CENTRO DE BIOLOGÍA MOLECULAR SEVERO OCHOACaptura de pantalla 2022 09 14 a las 10.27.10    

Gene expression control, patterning and growth during appendage development

Research summary:

The formation of an adult organism from a single fertilized egg is a highly regulated and complex process. It involves the generation of large number of cells with specialized functions that need to be assembled together in tissues and organs. This process, named morphogenesis, requires the specification within developmental fields of territories with the ability to acquire different fates and coordinated cell behaviors. Territorial specification depends on the precise modification of gene expression in both time and space and it is mediated by a specific set of transcription factors encoded by selector and selector-like genes. Selector proteins regulate the formation and identity of tissues and organs activating a special developmental program that is implemented in collective cell behaviors. Cell proliferation, apoptosis or cell shape changes are some of the cellular processes that control the shape and final form an organ.  

Functional maintenance of tissues and organs depends on the elimination of defective cells. Misspecified cells or with damage in their DNA are often eliminated by apoptosis. Therefore, a correct balance between cell fate specification, cell proliferation and apoptosis is essential to maintain tissue homeostasis. Defects in the control and coordination of any of these processes are the hallmark of tumor progression.

Our main general aim is to decipher the molecular mechanisms that control cell fate specification and tissue homeostasis during development. To this end we use the development of Drosophila appendages as our model.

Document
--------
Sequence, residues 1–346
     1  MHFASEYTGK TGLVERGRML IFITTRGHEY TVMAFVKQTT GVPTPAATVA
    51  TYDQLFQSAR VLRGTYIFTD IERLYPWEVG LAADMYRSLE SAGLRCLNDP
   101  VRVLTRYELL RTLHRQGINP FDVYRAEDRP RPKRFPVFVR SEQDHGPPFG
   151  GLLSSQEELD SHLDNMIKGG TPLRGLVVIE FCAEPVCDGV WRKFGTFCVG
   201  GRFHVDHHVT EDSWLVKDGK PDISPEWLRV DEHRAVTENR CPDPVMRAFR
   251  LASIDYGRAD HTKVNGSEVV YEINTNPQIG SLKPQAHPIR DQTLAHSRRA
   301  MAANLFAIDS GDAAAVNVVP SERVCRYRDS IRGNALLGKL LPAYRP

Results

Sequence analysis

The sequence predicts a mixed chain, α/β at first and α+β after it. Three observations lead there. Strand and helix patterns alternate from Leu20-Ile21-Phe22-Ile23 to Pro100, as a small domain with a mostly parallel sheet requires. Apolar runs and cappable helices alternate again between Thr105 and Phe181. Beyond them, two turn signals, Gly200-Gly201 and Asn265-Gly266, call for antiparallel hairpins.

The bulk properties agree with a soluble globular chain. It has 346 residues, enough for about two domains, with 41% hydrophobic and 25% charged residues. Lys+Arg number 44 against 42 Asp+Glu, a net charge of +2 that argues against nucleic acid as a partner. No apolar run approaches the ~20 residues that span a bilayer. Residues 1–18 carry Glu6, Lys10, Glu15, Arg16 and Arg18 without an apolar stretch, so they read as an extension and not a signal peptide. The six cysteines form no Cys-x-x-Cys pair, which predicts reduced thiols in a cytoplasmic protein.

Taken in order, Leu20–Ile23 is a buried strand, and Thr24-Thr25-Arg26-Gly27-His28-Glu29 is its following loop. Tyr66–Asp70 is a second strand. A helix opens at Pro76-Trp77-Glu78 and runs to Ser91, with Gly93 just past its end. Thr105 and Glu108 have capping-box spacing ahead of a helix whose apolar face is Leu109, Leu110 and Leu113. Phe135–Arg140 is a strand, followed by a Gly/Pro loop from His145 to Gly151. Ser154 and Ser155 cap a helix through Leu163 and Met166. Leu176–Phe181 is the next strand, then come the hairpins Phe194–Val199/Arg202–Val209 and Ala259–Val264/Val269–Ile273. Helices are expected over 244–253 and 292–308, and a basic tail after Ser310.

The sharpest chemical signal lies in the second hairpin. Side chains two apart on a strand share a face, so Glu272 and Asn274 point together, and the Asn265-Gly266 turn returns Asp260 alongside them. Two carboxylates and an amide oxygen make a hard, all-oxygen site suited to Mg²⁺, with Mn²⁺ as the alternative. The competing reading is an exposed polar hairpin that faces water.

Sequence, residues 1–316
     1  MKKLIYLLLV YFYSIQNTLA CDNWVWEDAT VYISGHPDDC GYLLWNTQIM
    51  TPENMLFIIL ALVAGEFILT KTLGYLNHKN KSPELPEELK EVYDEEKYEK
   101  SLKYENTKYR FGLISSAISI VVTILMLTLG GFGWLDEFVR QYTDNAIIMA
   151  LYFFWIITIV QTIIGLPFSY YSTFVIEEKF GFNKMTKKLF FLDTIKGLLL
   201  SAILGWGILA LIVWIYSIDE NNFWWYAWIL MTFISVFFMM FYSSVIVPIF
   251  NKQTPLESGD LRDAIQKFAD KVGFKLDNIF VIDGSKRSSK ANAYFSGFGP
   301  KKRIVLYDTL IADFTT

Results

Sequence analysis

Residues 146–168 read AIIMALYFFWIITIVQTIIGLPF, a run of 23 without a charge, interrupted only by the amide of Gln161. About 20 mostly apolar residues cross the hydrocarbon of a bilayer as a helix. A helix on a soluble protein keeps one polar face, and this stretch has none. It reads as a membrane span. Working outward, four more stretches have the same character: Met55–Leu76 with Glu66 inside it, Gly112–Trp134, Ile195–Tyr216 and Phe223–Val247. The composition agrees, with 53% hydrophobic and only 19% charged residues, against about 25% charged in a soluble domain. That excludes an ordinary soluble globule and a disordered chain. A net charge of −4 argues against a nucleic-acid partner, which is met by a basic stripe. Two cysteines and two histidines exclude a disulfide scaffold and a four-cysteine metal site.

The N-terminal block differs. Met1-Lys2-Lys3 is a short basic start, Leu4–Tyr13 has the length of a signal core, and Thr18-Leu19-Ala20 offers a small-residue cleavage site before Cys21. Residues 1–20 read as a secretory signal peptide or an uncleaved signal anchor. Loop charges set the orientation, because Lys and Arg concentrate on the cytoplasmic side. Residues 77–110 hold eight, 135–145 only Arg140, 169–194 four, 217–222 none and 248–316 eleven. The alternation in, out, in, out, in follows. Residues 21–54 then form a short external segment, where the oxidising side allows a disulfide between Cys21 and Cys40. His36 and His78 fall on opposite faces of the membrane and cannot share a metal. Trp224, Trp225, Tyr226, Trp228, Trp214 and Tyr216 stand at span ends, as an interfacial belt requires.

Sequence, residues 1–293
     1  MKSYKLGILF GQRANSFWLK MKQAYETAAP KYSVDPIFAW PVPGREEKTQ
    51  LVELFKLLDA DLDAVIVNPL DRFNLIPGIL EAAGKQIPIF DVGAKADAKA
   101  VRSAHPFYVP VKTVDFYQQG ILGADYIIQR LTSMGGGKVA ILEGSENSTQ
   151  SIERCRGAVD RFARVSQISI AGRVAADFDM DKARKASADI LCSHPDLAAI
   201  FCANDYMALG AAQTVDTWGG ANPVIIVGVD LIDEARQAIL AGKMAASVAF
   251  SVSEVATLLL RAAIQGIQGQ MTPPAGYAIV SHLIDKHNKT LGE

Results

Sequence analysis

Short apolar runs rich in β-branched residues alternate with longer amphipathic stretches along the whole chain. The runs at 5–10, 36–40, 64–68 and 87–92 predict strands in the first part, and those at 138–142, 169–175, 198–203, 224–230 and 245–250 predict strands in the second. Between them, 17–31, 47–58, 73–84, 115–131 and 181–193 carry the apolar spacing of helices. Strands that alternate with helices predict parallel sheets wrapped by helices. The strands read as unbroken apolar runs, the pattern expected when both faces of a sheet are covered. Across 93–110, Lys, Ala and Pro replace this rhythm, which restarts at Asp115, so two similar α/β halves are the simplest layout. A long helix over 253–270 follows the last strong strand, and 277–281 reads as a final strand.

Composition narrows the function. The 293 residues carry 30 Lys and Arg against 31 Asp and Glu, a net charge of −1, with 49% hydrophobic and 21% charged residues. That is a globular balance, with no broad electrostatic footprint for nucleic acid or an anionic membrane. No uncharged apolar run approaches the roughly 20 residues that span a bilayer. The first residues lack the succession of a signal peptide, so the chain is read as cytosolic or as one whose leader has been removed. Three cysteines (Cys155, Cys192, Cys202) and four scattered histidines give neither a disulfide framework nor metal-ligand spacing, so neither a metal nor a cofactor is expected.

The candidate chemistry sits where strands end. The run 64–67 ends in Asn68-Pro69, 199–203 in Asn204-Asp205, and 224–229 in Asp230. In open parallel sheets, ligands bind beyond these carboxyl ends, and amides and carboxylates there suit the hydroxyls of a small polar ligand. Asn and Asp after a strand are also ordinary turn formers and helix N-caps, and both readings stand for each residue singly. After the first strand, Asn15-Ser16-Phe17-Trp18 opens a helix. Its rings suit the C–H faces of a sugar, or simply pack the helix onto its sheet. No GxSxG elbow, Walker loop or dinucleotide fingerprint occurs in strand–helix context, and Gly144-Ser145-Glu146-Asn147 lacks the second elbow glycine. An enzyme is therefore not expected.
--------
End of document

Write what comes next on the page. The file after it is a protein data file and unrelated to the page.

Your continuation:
We have two objectives in the lab:

1) Specification, patterning and morphogenesis of appendages: We study how legs and wings are specified in the embryo and how they are later subdivided in territories with different cell fates to generate the characteristic adult pattern. We also investigate how these specific gene expression programs are implemented in terms of collective cell behaviors. At the molecular level, a small number of signaling pathways and transcription factors are reiteratively used throughout development to specify and pattern the appendages in Drosophila and in vertebrates.

 In this image, a 3D reconstruction of the wing and haltere primordia can be identified (in red) in a developing Drosophila embryo. Epithelial cells are marked in green.  


2) Coordination between cell proliferation and apoptosis during tissue homeostasis: The tumor suppressor p53 is a key player in the coordination of cellular responses after multiple stresses such as DNA damage. These responses include the cell cycle arrest, the activation of DNA repair mechanisms and, if the damage is too severe, apoptosis. Defects in the ability to trigger and coordinate any of these responses are a major cause of cancer development. In this work, we use Drosophila to study the connection between cell cycle progression and the apoptotic response after DNA damage.


Figure 1: Time course of the specification of the wing and leg primordia in a Drosophila embryo. A group of cells from the leg primordia  (green) give rise to part of the wing (blue). Red marks cell membranes.


Figure 2: The image is a composition of a wild-type leg imaginal disc showing the folds that prefigure the tarsal joints (upper side) and a dysf mutant leg where the folds are absent (lower side). Dlg (yellow), Nuclear marker (Blue) and F-Actin (Red-White).


Figure 3: Leg phenotypes obtained after a progressive reduction in the dose of Sp family genes in Drosophila.


* For external calls please dial 34 91196 followed by the extension number
Last nameNameLaboratoryExt.*e-mailProfessional category
Benchaib CapeloMarian4214436Estudiante TFG
Castellanos AguilarCésar4214436cesar.castellanos(at)cbm.csic.esM3 Predoc.formación
Estella SagradoCarlos4244402cestella(at)cbm.csic.esE.Científicos Titulares de Organismos Públicos de Investigación
Kelleher LópezInés4214436ikelleher(at)cbm.csic.esM3 Predoc.formación
Rubio CastilloCarlos4214402Estudiante TFM

Relevant publications:


Richard Mann (Columbia University, NYC)

Markus Affolter (Biozentrum, Basel)

Matthew Slattery (Univ. of Minnesota, MN)

Jose Felix de Celis (CBMSO)

Antonio Baonza (CBMSO)

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